Those employers had career frameworks that were fairly well developed, even if they were not formally designed or well-communicated to employees. Employees knew if they paid their dues they would continue to progress and be promoted within the company.
The talent wars of the 1990s changed that one-organization career mentality. Jobs were plentiful, and employees could demand higher salaries and better titles. Talent became more fluid and moved toward a free-agent model as people switched jobs frequently, and job security became less important.
Economic downturns have renewed focus on security and a strong employee/employer bond. In this environment, organizations have found that establishing career frameworks not only helps the organization with talent planning, it acts as a valuable attraction and retention tool.
“Where do you see yourself in five years?” Candidates have been asked this question in countless job interviews. The answer can provide insight into career aspirations, but recruiters often forget they are trying to sell the candidate on the organization, too. Savvy candidates will turn the tables after answering this question and ask, “Where do you see me in five years? Given your career framework, how would someone with my skills move through the organization?” A strong answer to this question can close the deal; a less-than-stellar one can drive the candidate away.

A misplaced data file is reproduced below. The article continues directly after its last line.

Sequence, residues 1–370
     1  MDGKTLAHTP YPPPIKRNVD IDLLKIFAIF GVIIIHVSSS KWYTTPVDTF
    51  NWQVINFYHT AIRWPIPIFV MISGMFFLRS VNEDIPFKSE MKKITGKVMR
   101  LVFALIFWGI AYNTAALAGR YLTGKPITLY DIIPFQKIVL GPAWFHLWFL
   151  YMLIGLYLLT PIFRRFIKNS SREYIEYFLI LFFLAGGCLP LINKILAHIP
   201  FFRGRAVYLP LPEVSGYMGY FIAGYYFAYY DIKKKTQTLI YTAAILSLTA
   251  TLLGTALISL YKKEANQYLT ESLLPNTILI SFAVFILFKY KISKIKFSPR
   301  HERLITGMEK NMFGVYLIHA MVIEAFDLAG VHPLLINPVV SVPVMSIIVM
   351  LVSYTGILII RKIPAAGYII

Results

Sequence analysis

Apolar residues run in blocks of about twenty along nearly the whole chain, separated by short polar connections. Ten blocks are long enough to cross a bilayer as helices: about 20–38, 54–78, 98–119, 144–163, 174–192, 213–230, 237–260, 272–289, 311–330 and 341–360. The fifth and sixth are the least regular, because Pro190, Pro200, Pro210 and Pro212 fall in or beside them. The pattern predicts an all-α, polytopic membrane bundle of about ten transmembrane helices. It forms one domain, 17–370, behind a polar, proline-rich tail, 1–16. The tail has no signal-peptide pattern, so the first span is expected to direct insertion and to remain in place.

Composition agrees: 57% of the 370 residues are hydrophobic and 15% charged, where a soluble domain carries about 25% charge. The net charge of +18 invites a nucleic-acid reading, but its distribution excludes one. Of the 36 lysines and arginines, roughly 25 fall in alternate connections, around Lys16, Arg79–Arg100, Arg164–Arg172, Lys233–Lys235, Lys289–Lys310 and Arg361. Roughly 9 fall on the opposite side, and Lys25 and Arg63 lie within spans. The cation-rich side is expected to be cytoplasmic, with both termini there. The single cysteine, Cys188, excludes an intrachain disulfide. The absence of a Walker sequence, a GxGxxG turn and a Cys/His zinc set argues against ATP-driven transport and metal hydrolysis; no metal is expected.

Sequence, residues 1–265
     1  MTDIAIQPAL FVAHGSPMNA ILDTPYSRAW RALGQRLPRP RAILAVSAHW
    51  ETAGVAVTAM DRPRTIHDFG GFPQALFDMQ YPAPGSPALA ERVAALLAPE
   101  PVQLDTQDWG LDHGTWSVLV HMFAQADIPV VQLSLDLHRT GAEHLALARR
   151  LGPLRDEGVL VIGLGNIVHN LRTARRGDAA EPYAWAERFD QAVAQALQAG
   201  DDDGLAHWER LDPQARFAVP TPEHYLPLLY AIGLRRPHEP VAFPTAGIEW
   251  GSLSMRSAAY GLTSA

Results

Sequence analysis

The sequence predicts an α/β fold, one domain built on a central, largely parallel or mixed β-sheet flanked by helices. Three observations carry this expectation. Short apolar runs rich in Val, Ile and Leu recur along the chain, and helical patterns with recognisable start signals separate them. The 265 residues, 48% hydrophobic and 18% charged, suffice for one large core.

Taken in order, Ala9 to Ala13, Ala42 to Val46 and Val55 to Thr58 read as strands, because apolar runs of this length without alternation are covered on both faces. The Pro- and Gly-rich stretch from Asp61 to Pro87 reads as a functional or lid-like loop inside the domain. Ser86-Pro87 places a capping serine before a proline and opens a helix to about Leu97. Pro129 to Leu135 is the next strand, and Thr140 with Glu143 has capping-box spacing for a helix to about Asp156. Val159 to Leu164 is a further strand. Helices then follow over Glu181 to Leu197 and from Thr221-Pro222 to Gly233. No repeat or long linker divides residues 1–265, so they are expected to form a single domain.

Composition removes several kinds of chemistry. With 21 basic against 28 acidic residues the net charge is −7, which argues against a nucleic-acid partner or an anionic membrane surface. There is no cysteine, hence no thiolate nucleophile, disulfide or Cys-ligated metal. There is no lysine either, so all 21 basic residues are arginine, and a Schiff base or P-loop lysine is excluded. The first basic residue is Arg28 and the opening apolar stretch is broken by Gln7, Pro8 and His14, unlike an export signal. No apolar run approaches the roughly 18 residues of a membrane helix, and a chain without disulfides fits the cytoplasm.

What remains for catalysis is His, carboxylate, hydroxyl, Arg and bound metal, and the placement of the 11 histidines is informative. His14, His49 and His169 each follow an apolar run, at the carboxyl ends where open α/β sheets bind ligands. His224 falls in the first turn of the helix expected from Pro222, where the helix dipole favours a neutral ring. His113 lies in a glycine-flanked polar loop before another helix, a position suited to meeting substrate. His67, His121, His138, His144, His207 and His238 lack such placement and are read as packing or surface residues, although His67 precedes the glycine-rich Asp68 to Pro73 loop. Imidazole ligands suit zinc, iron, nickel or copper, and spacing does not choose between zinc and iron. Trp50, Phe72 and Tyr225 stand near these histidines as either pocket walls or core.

Communicating what it takes to move to the next level gives employees what they need to manage their own careers. It also provides a way for an organization to integrate its talent management programs. Moving up typically depends on having the skills and knowledge required for promotion. Taking inventory of skills and knowledge and whether an employee has what it takes ties in with the performance — knowing how an employee is doing at achieving goals; succession — identifying employees who have or can gain required skills; learning and development — providing resources to gain skills; and talent acquisition — identifying skilled internal candidates for job openings. An integrated talent management system incorporates all of these elements with competencies and a career framework as its foundation.
Further, as more organizations expand globally, career frameworks are no longer two-dimensional. Instead, organizations include global mobility as a core component of the framework. Emerging markets may not have local skills to fill needs as an organization expands. Organizations fill gaps through global mobility programs built as part of the career framework. This allows employees to build experience working in assignments that may not otherwise be available while filling tough-to-source talent gaps.
As organizations move away from the free agent culture and toward career framework models, employees will be less likely to leave. They also will be more engaged and more dedicated, which helps preserve culture and values, and contributes to organizational success.
Doug Rippey is global practice leader for workforce planning at Futurestep, a recruiting company. He can be reached at email@example.com.